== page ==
UBS issued a press release yesterday to announce updates to its roster of money market funds, primarily Government ones. The funds will be compliant with new SEC rules effective immediately and they won't impose fees and gates on them. UBS, with $34.7 billion in MMF assets, also said that it will have a full roster of money funds once the new rules take effect, including CNAV Prime, Muni and Government funds; Floating NAV Institutional Funds, Private Fund(s), Separately Managed Accounts, and Ultrashort Bond Fund(s). So stay tuned for more announcements from the 17th largest manager of money market fund assets in the US. Also, we cover a Bloomberg's "Money-Market Funds Finding New Repo Partners as Dealers Retreat"," about how some money fund managers are going to direct to issuers in the repo market.

The release says, "UBS Global Asset Management (Americas) Inc. today announced policies recently adopted by certain of its money market funds and provided additional information regarding other liquidity management products it expects to offer. UBS Global Asset Management and its affiliates/predecessors have managed money market funds for more than 35 years and today offer client focused solutions throughout the world.... Today's announcement relates to policies that allow the funds listed below to qualify as "government money market funds" under the new SEC regulations, permitting them to continue operating with the goal of maintaining a stable net asset value per share without the imposition of liquidity fees and redemption gates: UBS RMA U.S. Government Portfolio, UBS Select Treasury Institutional Fund, UBS Select Treasury Preferred Fund, UBS Select Treasury Capital Fund, and UBS Select Treasury Investor Fund."

It continues, "As described in more detail in prospectus supplements filed with the SEC earlier today, each of these funds has adopted a non-fundamental investment policy -- effective June 10, 2015 -- requiring it to invest 99.5% or more of its total assets in cash, government securities, and/or repurchase agreements that are backed by US government/Treasury securities and/or cash. This new policy -- required under SEC regulations -- is in addition to a fund's other investment policies (e.g., the policy of the Treasury funds to focus investments in Treasury securities and repurchase agreements backed by Treasuries). It should be noted that this new policy does not result in a material change in how the funds have been managed but reflects a further risk-limiting "99.5%" regulatory test."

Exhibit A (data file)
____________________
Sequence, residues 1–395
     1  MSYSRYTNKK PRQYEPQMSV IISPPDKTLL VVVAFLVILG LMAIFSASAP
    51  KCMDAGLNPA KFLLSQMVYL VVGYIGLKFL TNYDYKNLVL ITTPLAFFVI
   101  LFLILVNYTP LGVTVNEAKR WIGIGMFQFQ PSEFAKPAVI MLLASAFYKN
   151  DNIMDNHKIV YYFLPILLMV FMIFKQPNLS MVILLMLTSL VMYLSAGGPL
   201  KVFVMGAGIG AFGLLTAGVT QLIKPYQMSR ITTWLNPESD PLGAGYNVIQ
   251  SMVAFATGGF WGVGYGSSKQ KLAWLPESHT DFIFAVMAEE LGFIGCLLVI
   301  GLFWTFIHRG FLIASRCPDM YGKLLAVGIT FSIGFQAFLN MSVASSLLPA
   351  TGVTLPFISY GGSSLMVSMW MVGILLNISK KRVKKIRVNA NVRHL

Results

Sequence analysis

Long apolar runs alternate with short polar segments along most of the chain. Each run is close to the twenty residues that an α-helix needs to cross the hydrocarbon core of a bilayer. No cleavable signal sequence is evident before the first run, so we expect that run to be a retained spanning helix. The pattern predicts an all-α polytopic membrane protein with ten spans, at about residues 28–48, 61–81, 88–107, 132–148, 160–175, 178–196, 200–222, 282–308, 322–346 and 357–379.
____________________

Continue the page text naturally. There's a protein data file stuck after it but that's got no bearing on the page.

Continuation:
Further, the release says, "These changes were approved by the appropriate fund boards on the recommendation of UBS Global Asset Management after consultation with investors and distribution partners. As part of adopting this new policy, each fund's board also determined that the fund will continue to use the amortized cost method of valuation to seek to maintain a $1.00 share price and that the fund will not be subject to a liquidity fee and/or a redemption gate on fund redemptions (unless a fund board determines otherwise in the future after providing the requisite advance notice to shareholders as set forth in the SEC's regulations)."

It adds, "UBS Global Asset Management is working to ensure that its products, systems and processes will be compliant with the new SEC regulations governing money market funds before the compliance deadlines and meeting the funds' goals of safety, liquidity and income. UBS Global Asset Management currently expects to offer the following investment solutions to assist clients in managing their liquidity needs, including, but not limited to: Constant net asset value ("CNAV") Treasury and government money market funds; Constant net asset value ("CNAV") retail prime and municipal money market funds; Floating net asset value ("FNAV") institutional prime money market funds; Privately placed, unregistered fund(s); Ultra-short bond fund(s); and Customized separate account solutions.... UBS Global Asset Management expects that it (or the funds it advises) will make further announcements and incorporate additional disclosure upon the finalization of more detailed, specific plans for its prime and municipal SEC registered money market funds."